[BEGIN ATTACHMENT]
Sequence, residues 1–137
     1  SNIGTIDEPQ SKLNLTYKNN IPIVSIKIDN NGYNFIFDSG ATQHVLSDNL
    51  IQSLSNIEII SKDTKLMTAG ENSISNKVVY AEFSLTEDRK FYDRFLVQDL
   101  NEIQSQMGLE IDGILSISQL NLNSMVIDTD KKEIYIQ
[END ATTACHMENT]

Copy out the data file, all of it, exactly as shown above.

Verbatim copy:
Sequence, residues 1–137
     1  SNIGTIDEPQ SKLNLTYKNN IPIVSIKIDN NGYNFIFDSG ATQHVLSDNL
    51  IQSLSNIEII SKDTKLMTAG ENSISNKVVY AEFSLTEDRK FYDRFLVQDL
   101  NEIQSQMGLE IDGILSISQL NLNSMVIDTD KKEIYIQ